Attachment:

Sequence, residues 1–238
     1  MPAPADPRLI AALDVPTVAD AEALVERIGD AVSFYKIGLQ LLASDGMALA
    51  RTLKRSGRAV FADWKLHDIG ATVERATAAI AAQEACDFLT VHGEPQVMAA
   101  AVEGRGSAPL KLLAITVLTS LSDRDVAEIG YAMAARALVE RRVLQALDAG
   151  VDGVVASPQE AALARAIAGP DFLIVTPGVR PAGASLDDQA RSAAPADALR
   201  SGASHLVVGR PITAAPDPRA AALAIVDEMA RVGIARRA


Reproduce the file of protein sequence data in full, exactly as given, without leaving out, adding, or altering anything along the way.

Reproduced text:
Sequence, residues 1–238
     1  MPAPADPRLI AALDVPTVAD AEALVERIGD AVSFYKIGLQ LLASDGMALA
    51  RTLKRSGRAV FADWKLHDIG ATVERATAAI AAQEACDFLT VHGEPQVMAA
   101  AVEGRGSAPL KLLAITVLTS LSDRDVAEIG YAMAARALVE RRVLQALDAG
   151  VDGVVASPQE AALARAIAGP DFLIVTPGVR PAGASLDDQA RSAAPADALR
   201  SGASHLVVGR PITAAPDPRA AALAIVDEMA RVGIARRA